Over the past few years, demand for data communication between servers in cloud datacenters has been growing exponentially, following strong growth in social networking, cloud computing and big data applications. Silicon photonics technology enables cost-effective manufacturing of fiber-optic transceivers, which in turn provides continued scaling of server and datacenter capacity with improved power efficiencies.
However, wide-spread adoption of this technology has been hampered in part by the lack of monolithically integrated laser sources. The integration on silicon of efficient indium phosphide-based light sources, currently driving long-range telecommunication networks, is known to be very challenging, owing to the large mismatch in crystal lattice constants between both materials.
Imec and Ghent University overcame these structural differences and largely suppressed the detrimental crystal defects that typically form at the interface between silicon and indium phosphide. Utilizing a production grade metal-organic vapor-phase epitaxial (MOVPE) growth reactor, indium phosphide semiconductor was selectively grown on silicon in a pre-patterned oxide template, realizing indium phosphide waveguide arrays across the entire 300mm substrate.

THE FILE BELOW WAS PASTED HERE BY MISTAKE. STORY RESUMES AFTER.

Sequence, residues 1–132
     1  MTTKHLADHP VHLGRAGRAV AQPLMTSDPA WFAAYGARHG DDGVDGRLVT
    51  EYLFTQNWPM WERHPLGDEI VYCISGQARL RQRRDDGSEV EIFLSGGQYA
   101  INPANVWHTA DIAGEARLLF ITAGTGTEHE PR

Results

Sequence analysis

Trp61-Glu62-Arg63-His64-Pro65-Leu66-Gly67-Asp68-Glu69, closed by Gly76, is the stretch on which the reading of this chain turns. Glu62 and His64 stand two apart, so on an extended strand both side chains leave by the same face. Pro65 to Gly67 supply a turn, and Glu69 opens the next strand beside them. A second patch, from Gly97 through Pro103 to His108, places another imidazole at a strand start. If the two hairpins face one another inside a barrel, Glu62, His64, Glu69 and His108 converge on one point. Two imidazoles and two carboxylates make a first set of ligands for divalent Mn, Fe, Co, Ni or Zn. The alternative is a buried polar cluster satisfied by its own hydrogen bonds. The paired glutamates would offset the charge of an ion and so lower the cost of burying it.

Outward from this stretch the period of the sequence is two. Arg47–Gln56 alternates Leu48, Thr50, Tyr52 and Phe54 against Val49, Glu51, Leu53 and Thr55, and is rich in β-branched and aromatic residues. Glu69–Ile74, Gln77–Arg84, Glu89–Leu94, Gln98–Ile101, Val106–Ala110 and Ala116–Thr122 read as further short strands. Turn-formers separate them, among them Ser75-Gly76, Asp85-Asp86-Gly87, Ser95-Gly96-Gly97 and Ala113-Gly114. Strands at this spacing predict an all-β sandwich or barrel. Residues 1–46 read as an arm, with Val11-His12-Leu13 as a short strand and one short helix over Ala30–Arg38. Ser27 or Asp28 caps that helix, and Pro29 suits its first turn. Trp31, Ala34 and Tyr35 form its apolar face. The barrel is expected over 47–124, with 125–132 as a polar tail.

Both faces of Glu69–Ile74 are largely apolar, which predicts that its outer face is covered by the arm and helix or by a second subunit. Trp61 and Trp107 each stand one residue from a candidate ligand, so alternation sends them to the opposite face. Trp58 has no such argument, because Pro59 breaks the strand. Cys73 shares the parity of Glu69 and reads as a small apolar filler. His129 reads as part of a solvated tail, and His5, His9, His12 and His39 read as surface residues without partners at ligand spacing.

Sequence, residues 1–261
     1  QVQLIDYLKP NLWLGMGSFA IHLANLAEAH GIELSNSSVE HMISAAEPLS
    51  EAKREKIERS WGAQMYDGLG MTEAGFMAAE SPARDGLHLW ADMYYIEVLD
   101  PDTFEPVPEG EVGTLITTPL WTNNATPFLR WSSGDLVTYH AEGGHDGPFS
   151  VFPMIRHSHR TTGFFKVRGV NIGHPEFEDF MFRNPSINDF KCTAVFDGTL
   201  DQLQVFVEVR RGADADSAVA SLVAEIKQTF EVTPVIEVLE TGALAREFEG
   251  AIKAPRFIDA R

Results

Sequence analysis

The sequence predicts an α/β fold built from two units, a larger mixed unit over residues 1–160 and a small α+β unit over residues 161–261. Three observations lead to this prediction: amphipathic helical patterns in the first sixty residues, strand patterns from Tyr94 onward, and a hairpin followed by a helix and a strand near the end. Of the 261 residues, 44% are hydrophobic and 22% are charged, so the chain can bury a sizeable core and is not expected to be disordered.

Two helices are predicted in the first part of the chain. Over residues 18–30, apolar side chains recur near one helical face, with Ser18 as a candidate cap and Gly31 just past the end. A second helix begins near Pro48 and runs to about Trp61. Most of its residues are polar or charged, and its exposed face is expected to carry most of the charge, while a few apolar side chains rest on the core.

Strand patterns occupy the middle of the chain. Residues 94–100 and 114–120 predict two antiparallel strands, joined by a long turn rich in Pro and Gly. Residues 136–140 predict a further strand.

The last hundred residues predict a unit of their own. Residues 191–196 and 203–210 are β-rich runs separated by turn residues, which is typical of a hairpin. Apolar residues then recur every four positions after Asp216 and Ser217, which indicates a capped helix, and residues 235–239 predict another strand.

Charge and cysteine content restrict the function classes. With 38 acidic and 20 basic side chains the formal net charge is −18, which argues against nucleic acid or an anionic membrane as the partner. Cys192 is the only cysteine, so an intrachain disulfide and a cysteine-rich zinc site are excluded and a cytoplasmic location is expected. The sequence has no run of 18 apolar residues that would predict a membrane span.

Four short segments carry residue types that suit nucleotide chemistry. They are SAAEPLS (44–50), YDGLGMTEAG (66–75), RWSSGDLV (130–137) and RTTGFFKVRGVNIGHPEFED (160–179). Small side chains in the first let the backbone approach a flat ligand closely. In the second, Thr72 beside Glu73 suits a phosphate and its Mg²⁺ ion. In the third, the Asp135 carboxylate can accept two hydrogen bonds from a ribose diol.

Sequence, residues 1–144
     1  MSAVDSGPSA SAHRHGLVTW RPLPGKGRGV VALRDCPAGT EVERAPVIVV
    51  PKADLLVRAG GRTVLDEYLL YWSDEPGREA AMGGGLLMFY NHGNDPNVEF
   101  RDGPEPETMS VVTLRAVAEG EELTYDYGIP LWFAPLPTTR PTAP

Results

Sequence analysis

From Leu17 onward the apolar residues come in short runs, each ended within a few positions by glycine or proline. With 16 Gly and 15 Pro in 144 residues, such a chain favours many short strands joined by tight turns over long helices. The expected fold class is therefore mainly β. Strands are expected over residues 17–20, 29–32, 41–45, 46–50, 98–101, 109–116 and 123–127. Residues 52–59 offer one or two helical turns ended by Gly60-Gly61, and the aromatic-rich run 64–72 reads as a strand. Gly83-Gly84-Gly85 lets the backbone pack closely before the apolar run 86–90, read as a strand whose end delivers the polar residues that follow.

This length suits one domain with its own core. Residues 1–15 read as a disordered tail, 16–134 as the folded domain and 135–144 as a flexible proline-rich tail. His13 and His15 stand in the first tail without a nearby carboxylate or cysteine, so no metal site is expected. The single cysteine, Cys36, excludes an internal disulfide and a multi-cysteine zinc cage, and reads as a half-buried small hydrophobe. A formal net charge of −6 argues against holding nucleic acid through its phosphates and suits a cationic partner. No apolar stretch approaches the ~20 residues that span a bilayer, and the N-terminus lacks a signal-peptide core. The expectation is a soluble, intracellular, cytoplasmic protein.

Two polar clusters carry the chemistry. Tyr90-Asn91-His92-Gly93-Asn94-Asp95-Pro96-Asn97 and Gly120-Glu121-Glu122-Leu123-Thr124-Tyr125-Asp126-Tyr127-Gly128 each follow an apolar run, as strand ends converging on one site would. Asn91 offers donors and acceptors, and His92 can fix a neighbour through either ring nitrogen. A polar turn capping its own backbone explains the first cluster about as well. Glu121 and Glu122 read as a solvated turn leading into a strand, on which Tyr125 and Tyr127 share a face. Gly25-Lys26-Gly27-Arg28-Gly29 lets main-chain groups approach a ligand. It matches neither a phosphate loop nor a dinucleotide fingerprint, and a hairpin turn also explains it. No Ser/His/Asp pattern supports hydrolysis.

Lasing operation was demonstrated for all tested devices consisting of an array of 10 indium phosphide lasers. Lasing performance showed small variability along the array, illustrating the high material quality of the heteroepitaxial grown indium phosphide.
The newly demonstrated approach for integrating lasers with silicon has been carried out in imec’s 300mm CMOS pilot line facility, therefore providing a path to large volume manufacturing.
This work has been carried out as part of imec’s industry affiliation program on Optical I/O, which targets the development of a scalable, silicon-based optical interconnect technology for high-bandwidth chip-level I/O. The work was also partly supported by the European Commission through an ERC starting grant awarded to Prof. D. Van Thourhout of Ghent University for research on Ultra Low Power Photonic ICs (ULPPIC).